This has for several generations been the traditional place for royal receptions, and now that the young King and Queen have come to Christiania, these fine old crystal chandeliers will light up many an interesting assemblage of citizens and guests. The well-known democratic simplicity of Norwegian taste keeps the display on a scale more modest than that of other European capitals, where much is made of title and family, but Norway has brains and beauty, and sufficient wealth to keep up her dignity whenever occasion demands it.
The language chiefly spoken here would, of course, be the tongue common to Norway and Denmark, but German, French, English, and perhaps half a dozen others might very likely be heard at any gathering of special size and distinction. Many Christiania people are fine linguists, speaking several languages besides their mother tongue.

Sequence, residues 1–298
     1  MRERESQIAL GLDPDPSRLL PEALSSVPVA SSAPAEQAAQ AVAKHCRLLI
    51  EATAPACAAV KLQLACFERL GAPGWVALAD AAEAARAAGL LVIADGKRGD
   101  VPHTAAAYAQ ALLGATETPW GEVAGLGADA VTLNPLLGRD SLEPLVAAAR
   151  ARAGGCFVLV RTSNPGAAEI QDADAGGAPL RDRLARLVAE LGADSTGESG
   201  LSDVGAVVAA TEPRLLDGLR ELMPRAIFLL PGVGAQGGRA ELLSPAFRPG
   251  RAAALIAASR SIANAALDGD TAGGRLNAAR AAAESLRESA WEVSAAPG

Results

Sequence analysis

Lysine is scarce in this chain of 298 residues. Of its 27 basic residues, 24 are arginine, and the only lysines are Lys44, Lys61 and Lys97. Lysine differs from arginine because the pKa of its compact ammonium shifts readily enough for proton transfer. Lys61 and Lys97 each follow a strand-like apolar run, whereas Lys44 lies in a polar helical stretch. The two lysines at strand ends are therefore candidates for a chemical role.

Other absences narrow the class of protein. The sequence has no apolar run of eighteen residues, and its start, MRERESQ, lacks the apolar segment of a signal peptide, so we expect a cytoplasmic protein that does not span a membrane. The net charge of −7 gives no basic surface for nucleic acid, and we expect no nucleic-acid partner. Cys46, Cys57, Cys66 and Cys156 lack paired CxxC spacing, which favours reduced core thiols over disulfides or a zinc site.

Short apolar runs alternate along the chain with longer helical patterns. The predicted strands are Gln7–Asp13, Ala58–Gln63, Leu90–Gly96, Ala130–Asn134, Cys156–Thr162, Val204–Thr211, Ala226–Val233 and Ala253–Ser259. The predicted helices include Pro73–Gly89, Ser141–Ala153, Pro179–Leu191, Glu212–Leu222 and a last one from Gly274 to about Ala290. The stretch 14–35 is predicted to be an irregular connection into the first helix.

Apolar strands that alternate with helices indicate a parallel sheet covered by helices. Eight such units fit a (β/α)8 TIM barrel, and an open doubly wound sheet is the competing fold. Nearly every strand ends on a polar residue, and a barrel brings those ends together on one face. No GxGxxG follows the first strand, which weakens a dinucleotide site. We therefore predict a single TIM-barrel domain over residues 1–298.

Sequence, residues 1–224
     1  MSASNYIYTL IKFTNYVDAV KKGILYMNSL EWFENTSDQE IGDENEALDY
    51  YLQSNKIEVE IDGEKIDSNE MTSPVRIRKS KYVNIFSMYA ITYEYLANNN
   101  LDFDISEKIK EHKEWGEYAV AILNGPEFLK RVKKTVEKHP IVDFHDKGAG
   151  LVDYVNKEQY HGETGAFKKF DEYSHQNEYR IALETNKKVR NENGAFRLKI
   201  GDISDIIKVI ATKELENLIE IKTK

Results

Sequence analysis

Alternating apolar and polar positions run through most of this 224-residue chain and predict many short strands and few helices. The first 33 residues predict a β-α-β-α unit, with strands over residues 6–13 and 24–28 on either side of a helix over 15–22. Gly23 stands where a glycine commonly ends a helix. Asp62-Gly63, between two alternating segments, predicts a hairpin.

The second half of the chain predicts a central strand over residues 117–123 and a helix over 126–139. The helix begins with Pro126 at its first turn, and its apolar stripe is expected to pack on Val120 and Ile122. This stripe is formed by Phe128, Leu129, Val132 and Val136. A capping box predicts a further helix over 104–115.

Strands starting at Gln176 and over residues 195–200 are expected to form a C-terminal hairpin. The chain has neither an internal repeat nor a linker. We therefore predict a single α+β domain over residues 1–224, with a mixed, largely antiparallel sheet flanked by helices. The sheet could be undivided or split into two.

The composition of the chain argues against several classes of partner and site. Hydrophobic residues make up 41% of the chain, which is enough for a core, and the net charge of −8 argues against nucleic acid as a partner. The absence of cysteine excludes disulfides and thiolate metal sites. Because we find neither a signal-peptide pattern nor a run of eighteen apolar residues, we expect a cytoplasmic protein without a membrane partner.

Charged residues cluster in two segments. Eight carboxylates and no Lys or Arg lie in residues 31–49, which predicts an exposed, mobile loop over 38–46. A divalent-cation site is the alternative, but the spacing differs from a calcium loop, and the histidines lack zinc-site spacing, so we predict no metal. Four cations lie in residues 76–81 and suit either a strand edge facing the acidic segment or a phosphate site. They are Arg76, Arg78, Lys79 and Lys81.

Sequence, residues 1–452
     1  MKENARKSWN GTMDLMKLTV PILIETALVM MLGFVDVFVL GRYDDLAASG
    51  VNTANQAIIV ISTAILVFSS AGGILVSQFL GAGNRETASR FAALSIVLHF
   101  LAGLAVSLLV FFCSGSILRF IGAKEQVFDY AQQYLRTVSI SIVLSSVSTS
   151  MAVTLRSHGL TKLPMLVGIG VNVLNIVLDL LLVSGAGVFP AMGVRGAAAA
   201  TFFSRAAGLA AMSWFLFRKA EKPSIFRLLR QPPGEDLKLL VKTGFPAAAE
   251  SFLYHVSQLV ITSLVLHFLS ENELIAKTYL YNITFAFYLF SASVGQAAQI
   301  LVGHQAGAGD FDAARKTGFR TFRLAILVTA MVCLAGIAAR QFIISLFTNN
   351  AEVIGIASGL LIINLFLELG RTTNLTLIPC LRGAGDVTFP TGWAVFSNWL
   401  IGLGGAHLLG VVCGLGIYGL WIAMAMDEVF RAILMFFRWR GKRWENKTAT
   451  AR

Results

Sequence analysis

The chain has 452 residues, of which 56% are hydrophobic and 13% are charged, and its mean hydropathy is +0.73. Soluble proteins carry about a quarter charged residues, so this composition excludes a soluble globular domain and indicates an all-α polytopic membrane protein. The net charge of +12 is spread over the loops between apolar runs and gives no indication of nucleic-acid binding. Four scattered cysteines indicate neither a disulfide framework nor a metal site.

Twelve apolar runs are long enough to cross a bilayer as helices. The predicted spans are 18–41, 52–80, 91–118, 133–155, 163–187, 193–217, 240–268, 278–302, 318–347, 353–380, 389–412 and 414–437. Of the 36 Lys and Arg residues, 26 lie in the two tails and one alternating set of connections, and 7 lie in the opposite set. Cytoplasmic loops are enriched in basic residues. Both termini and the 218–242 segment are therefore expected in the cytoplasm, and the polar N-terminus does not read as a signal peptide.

The Norwegian whose work did most in his time to extend a knowledge of Norwegian literature through the reading and theatre-going world was without doubt Henrik Ibsen, though his lifelong friend, Bjornstjerne Bjornson, has worthily earned fame almost as great. We have the privilege (very unusual during the great man’s latter days) of being admitted to his home on a street near the palace, only a short time before his death. See the map for precise location.